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If done regularly and supplemented by such aerobic activity as walking (see the OSH Answers document Walking - Still Man's Best Medicine), the exercises described in the OSH Answers document Exercises for a Healthy Back should be sufficient to keep your back fit and pain-free. This is, of course, as long as no accident, traumatic injury, or any kind of mishap happens to you.
However, some people may want to enhance their fitness training, either because their jobs include greater physical demands, or simply because they want to push themselves to a higher level of physical conditioning. If this is the case, we suggest that you consult your physician and possibly a fitness expert before you establish your realistic objectives and ways of achieving them.
In this document we will suggest more exercises, not only for the back but also for the hips, knees and neck, based on the concept of "sparing the back", as described by Exercising for a Healthy Back.
The concept of exercising while sparing the back, as well as the exercises included in this document are taken from Low Back Disorder, Evidence-Based Prevention and Rehabilitation (Human Kinetics, 2002) by Stuart McGill, a world-renowned lecturer and expert in spine function and injury prevention and rehabilitation at the University of Waterloo, Ontario.
Stretching relaxes your mind and tunes your body. If it is done properly stretching:
The right way to stretch involves having relaxed, sustained moves with your attention focused on the muscle being stretched. While stretching, avoid bouncing up and down, making jerky movements, or pulling muscles to the point of pain.
This exercise stretches the muscles of the thighs and lower legs as well as joints such as the hips, knees, and ankles.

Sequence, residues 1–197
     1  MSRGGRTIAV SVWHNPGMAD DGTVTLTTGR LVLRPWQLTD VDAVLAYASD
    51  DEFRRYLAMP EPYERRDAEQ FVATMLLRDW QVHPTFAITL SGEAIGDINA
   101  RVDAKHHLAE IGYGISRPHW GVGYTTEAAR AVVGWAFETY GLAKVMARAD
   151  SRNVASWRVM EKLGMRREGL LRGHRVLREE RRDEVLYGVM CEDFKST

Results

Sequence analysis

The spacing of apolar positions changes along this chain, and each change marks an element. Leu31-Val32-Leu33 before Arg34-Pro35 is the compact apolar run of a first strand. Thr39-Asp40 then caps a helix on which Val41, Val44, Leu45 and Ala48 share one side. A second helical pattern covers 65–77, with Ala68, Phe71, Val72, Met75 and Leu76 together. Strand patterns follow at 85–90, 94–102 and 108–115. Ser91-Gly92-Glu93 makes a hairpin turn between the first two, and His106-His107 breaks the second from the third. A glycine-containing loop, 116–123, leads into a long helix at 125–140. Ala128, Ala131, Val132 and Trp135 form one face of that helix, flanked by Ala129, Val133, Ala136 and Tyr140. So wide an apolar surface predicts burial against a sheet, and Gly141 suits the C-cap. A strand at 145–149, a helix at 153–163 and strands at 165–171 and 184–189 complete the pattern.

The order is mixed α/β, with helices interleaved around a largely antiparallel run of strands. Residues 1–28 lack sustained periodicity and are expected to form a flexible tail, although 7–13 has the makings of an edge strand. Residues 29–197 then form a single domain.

The Right Way
The Wrong Way
* If you are unable to bend your knee high enough to grab the ankle without bending and twisting your whole body, then use an exercise strap or a strap made out of a belt or scarf -- see Figure 2B. After a few trials you should be able to do it without the exercise strap.
Exercises that can improve the endurance of your neck muscles will also make the curl-ups that build endurance in the abdominal muscles easier and more effective.
The way to improve and maintain spinal stability is to exercise the spine's major stabilizing muscles:
Exercise all these muscles in a special way - by "sparing the back" which means to perform all exercises with the spine in a line with no additional load.
Every session should begin with the "Cat-Camel" exercises -- see Figures 4A, 4B, and 4C.
If you have mastered the beginner and intermediate versions of the "bird-dog" exercise illustrated in the OSH Answers document Exercises for a Healthy Back, you can attempt its advanced form.
This exercise is fundamental for both conditioning abdominal muscles and for maintaining the stability of the spine.
For a greater challenge try raising your head and shoulders while pulling in your abdominal muscles.
For more variety you can try abdominal hollowing while in a standing or sitting position.
This exercise is just a version of exercise #8 to be performed at your discretion, instead of or in addition to exercise #8.
Since exercising while supporting your upper body on a gym ball or a balance disk does not give you the opportunity to rest your head on the floor it is critical to make an extra effort to keep your spine level -- do not allow your head to drop below an imaginary horizontal line at any time during these exercises.
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Although every effort is made to ensure the accuracy, currency and completeness of the information, CCOHS does not guarantee, warrant, represent or undertake that the information provided is correct, accurate or current. CCOHS is not liable for any loss, claim, or demand arising directly or indirectly from any use or reliance upon the information.